By Terry Reardon
Winston Leonard Spencer Churchill. William Lyon Mackenzie King. While the two were certainly very different, there were many similarities.
Both were Sagittarians. Churchill was born on 30 November 1874 at Blenheim Palace, Oxfordshire. King was born just seventeen days later in Berlin, Ontario which was renamed "Kitchener" in 1914.
Both had famous ancestors; Winston's father, Lord Randolph Churchill, became Leader of the House of Commons and Chancellor of the Exchequer; and their 18th century forebear was John Churchill, First Duke of Marlborough. King's Grandfather, William Lyon Mackenzie, was the first mayor of Toronto in 1834; he led the 1837 Rebellion in Upper Canada and went into exile in the United States until amnesty was granted him in 1849; in the 18th century two of William Lyon Mackenzie's great grandfathers fought with Bonnie Prince Charlie at the Battle of Culloden.
In politics, Churchill strove to follow his father's footsteps into Parliament. King first became interested in politics at the age of seven, when he heard Canada's First Prime Minister, John A. Macdonald, speak during the 1882 election campaign: " Sir John A. was presented with some flowers by a pretty young lady whom he thanked with an embrace. I could do nothing but envy him and decided then that politics had its rewards."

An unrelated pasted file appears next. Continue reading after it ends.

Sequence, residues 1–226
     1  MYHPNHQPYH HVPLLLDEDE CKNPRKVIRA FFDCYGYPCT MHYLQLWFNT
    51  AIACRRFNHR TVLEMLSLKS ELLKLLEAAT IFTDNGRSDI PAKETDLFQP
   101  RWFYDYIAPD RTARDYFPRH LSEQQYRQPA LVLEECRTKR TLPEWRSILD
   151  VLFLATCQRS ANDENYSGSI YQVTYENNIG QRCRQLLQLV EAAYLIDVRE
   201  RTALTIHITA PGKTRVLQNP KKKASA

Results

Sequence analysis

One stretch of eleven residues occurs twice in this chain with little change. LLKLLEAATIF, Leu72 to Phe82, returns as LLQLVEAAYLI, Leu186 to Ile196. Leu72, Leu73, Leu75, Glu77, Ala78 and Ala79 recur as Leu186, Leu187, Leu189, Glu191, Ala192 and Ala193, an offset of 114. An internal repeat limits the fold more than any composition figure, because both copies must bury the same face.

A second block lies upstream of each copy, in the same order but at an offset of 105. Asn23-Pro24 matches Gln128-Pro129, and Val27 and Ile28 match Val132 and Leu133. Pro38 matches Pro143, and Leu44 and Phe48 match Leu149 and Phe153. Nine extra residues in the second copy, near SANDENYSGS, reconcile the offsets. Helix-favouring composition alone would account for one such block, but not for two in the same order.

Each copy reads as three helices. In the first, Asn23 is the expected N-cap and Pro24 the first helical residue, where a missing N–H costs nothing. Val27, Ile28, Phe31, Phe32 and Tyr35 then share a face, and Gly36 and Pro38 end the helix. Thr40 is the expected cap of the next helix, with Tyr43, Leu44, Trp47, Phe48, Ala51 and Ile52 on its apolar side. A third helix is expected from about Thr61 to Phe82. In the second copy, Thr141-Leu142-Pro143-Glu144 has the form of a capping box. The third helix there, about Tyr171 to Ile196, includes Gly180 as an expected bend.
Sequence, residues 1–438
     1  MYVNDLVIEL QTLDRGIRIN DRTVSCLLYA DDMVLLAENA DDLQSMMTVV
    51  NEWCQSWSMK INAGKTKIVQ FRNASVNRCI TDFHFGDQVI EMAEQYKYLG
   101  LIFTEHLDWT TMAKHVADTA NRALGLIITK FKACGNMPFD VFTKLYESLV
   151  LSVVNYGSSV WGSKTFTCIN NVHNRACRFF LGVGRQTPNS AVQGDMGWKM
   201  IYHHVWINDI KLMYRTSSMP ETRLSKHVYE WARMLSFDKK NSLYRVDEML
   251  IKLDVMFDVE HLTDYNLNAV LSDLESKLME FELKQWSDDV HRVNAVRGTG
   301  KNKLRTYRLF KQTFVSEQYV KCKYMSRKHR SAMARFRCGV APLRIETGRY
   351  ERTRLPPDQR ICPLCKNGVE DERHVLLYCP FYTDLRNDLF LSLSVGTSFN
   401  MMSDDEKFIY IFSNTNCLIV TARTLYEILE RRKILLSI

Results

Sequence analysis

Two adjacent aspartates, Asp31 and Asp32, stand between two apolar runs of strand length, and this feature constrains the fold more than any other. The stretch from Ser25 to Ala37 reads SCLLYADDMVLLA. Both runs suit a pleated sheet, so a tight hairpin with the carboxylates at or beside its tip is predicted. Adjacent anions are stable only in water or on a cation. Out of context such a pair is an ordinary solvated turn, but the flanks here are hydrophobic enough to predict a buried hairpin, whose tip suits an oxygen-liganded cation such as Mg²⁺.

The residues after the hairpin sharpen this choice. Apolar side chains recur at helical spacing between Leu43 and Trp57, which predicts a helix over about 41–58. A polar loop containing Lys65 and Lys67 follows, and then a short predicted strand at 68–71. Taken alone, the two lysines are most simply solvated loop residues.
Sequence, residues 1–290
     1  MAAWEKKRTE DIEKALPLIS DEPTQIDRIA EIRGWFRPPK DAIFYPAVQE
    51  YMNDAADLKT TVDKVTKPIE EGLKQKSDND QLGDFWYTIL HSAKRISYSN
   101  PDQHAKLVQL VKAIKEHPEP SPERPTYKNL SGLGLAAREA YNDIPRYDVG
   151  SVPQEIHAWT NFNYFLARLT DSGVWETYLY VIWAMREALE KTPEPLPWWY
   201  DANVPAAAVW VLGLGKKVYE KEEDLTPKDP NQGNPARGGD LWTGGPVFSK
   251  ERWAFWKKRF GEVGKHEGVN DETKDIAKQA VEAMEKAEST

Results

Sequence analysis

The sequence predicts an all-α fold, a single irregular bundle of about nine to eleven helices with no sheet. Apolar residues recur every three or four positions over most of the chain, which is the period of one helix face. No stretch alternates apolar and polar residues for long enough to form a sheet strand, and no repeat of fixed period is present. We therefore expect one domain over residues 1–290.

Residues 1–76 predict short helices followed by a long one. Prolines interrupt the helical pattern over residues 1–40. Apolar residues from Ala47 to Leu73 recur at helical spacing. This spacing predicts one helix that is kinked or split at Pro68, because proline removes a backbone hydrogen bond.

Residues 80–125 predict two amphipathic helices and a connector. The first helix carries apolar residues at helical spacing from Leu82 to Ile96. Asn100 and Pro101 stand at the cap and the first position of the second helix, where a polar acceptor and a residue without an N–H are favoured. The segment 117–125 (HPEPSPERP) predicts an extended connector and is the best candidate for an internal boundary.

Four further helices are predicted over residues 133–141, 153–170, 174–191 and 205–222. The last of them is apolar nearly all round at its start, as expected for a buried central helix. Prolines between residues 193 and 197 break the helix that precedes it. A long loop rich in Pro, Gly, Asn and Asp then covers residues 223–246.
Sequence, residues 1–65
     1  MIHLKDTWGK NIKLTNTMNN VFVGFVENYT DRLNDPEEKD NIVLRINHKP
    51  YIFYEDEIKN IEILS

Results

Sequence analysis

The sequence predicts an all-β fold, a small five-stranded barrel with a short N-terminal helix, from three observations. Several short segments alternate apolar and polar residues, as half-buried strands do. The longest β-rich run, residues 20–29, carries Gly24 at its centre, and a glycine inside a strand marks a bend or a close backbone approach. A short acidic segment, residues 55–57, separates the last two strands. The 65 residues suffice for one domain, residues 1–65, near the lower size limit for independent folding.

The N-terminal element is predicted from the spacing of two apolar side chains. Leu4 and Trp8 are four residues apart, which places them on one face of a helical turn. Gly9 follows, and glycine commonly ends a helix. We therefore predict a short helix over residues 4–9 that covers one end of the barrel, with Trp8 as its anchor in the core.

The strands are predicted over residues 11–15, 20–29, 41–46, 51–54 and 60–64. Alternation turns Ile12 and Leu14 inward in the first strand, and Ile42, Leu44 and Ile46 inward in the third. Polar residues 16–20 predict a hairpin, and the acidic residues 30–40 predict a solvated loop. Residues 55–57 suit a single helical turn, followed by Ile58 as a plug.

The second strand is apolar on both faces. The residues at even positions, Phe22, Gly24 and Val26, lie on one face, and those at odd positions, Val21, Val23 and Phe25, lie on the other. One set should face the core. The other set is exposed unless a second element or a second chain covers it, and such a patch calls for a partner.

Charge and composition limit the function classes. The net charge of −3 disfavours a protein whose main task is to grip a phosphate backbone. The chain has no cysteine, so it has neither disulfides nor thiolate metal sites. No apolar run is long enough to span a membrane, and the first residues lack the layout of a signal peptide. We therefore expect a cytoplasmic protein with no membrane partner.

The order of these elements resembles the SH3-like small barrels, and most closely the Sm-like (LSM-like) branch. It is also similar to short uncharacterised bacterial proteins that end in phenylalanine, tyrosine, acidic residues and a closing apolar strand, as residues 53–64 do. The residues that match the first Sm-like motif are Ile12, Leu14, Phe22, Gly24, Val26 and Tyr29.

While Churchill's academic achievements were modest, King's were impressive. He entered the University of Toronto in 1891 at the age of sixteen and graduated four years later with first class honours. He then attended the University of Chicago and Harvard on fellowships. In 1899 Harvard offered him a year of study abroad and he left for the London School of Economics and Political Science.
In 1900, while still in Europe, King accepted a position in Ottawa as editor of the Government Labour Gazette in Canada's new Department of Labour and within a few months had advanced to the rank of Deputy Minister of Labour. The job had come about from King's earlier activities against sweated workshops and child labour. Churchill, as President of the Board of Trade and Home Secretary in 1908-11, brought in many parallel reforms, including a maximum work day for miners, free medical care for children, and unemployment insurance.
King's conciliatory talents were soon employed and in the next eighteen months he brought to peaceful settlements eleven out of the fifteen strikes in which he was asked to intervene. Congruently, Churchill as Home Secretary worked to resolve strike actions, though he was misrepresented for certain of his efforts (see "Leading Churchill Myths," FH 128).